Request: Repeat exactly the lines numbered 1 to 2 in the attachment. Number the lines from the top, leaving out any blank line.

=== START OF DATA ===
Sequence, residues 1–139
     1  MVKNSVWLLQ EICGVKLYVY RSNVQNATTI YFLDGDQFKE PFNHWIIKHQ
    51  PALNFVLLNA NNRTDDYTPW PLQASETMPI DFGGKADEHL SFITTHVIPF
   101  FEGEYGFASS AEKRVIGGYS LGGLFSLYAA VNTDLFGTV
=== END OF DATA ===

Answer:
Sequence, residues 1–139
     1  MVKNSVWLLQ EICGVKLYVY RSNVQNATTI YFLDGDQFKE PFNHWIIKHQ